Challenging media monopoly

Ellie Lakew reports from a talk on politics and the media given by President of the NUJ Donnacha DeLong and Weekly Worker writer James Turley

Donnacha DeLong, president of the National Union of Journalists, addressed a CPGB London Communist Forum on ‘Lies, Leveson and a progressive alternative’ on June 3. Also speaking was Weekly Worker writer James Turley.

Comrade DeLong argued that there has been an overload of information from the Leveson enquiry, but it has produced enough headlines to clearly illustrate the depths of corruption that not just News International, but the political establishment as a whole, is capable of. What is even more telling, said comrade DeLong, is the number of lies that have been told under oath - which only confirms the standard of depravity. One particularly huge whopper came from the lips of Rupert Murdoch, who told the enquiry that he has never asked a politician for anything.

The challenge for Leveson, thinks comrade DeLong, is how he is going to put together a coherent report from the plethora of lies and facts. However, even if it ends up as yet another whitewash, this enquiry will nevertheless serve as a catalyst for change, he thought. A case in point is the Press Complaints Commission, which comprises a “gang of editors”, which, despite the statement on the PCC website that it is “independent of the newspaper industry”, includes Ian Macgregor, editor of The Sunday Telegraph, Tina Weaver, editor of the Sunday Mirror until her abrupt sacking last week, and Peter Wright, editor emeritus of Associated Newspapers. The particularly insidious tactic by the PCC has been to disallow third party complaints about press articles, so that only the targeted individual can legitimately make representations. Comrade DeLong is of the opinion that an alternative system to regulate complaints will be rolled out soon.

The “vulture capitalism” of the big newsgroups has “sucked the local press dry”, he said, and there are fewer and fewer regional or local newspapers of any worth. This is an unfortunate state of affairs, since traditionally there has been a strong link between the national and local press that has sometimes helped to produce good journalism. The breaking of this chain of communication has led to such fiascos as the appalling reporting by the local press of the riots last August. A diminishing number of journalists are now expected to produce ‘news’ and the term ‘churnalism’ is used to describe the result. Comrade DeLong believes that in order to end the domination of the big media corporations and broaden the scope of journalism there must be “alternative business” and “community-based” models.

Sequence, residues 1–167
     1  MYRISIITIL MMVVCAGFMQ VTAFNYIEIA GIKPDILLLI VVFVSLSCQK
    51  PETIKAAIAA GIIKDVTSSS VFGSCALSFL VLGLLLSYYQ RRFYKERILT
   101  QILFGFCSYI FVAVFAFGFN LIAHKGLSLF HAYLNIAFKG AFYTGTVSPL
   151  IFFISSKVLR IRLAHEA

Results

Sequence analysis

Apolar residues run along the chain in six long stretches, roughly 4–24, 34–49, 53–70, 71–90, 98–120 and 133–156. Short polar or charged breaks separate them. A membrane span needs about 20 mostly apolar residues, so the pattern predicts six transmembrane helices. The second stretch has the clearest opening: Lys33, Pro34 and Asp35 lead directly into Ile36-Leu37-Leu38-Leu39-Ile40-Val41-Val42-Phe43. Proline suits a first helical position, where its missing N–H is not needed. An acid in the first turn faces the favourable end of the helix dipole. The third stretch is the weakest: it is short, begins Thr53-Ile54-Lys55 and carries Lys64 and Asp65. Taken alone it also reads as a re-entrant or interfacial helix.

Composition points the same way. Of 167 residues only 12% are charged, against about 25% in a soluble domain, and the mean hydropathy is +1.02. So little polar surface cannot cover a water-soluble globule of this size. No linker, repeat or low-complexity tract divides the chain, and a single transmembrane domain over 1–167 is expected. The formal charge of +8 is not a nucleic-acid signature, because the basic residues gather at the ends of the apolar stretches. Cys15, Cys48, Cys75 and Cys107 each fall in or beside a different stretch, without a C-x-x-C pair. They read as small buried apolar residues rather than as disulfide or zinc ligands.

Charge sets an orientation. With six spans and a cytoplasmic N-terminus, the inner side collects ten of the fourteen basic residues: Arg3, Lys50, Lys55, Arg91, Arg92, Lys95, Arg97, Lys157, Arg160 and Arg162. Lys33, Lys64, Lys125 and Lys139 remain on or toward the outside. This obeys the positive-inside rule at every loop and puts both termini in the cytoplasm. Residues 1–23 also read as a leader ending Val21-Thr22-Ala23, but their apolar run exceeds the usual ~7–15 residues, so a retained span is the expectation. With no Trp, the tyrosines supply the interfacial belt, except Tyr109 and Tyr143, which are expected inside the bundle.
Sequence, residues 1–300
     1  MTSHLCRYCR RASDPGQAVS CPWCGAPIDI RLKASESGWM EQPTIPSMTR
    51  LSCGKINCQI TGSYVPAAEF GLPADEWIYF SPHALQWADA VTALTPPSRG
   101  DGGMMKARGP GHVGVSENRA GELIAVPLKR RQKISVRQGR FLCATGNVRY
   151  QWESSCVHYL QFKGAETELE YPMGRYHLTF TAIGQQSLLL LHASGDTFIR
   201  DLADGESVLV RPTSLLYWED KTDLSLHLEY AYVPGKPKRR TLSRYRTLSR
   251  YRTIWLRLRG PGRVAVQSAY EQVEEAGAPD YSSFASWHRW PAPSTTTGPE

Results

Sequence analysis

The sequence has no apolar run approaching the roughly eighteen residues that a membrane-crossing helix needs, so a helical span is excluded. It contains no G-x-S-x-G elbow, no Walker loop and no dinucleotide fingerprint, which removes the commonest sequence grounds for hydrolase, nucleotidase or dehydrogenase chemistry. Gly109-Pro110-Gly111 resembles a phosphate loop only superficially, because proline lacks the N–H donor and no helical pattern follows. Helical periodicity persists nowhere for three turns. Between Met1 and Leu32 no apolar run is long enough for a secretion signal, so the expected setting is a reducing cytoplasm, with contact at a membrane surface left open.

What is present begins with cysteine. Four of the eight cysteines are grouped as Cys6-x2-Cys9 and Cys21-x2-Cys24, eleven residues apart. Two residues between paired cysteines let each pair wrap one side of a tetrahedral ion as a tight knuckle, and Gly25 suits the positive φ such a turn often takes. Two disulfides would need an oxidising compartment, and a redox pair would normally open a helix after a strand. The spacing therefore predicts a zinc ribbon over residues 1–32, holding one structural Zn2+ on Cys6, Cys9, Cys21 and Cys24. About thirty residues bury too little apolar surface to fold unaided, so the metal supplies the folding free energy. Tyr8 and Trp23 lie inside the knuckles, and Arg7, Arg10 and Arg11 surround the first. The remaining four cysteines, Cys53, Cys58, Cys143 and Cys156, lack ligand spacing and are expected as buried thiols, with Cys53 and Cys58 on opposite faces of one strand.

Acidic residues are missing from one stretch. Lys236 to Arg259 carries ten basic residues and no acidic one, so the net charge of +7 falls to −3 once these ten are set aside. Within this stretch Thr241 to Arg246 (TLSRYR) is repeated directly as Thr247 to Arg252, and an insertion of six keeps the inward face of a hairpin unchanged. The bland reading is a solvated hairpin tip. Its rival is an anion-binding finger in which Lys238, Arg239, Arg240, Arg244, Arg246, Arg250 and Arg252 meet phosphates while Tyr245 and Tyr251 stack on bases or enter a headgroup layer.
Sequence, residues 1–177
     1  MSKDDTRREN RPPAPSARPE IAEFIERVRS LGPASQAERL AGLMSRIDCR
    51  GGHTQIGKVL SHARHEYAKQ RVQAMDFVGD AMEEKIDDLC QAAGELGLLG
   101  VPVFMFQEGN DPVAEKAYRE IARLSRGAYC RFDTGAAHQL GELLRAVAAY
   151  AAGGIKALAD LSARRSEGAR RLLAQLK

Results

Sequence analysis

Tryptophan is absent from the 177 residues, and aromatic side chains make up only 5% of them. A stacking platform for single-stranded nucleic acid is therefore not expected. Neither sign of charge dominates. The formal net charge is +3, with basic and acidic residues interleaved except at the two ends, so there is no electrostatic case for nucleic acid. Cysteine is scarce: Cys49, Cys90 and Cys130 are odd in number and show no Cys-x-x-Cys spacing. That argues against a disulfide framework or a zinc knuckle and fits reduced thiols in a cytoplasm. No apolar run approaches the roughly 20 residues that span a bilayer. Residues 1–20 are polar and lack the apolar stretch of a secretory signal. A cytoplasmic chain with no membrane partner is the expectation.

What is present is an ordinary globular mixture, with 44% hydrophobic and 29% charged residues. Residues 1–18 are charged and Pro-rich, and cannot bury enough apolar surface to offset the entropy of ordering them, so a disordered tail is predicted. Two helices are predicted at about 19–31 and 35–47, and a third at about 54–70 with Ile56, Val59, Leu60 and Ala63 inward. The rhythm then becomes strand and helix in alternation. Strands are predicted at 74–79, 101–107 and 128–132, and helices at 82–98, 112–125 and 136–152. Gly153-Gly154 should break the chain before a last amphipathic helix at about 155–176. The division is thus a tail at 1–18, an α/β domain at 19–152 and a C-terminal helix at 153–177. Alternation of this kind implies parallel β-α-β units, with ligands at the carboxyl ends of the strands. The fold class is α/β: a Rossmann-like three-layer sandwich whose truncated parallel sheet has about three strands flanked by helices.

James Turley also talked about the rampant corruption involving interlocking power structures. The collusion between big business and the establishment is endemic and the Leveson enquiry has shed some light on this - the scandal of parliamentary lobbying is yet to be fully revealed, he predicted. The machinations of David Cameron prove once again that the establishment cannot be trusted to control and pass judgement on the media. That is why the CPGB is opposed to both the PCC and certainly to a more powerful alternative ‘with teeth’. We oppose nationalisation of the press for the same reason - it is madness to seek to hand yet more power and control to the state. Instead we need to look to the working class itself. We need to develop our own powerful, alternative media to end the monopoly of the capitalist class.

Comrades from the floor pointed to the abysmal state of the current working class media - left papers and trade union journals alike are mostly deadly dull. Others said it was an illusion to expect Leveson to come up with a solution to transform the media - surely the proposals that emerged would amount to no more than tinkering.

An experienced media worker told the meeting how he and his colleagues are forced to work in a highly pressurised and insidious ways. Far from being the noble profession that it was traditionally and romantically said to be, journalism is first and foremost about meeting targets. Young journalists soon have their idealistic aspirations destroyed and disillusion sets in. There is still a myth about the so-called ‘objectivity’ of the media, but decisions about ethics are contaminated by commercial interests. The internet with its unlimited space has not led to the blossoming of contending viewpoints as far as the mainstream media are concerned. Rather, word limits have been rigorously imposed, leading to the further curtailing of journalistic integrity (although comrade DeLong said that the compact size of articles online often results from presentational needs rather than a deliberate attempt to stifle good journalism)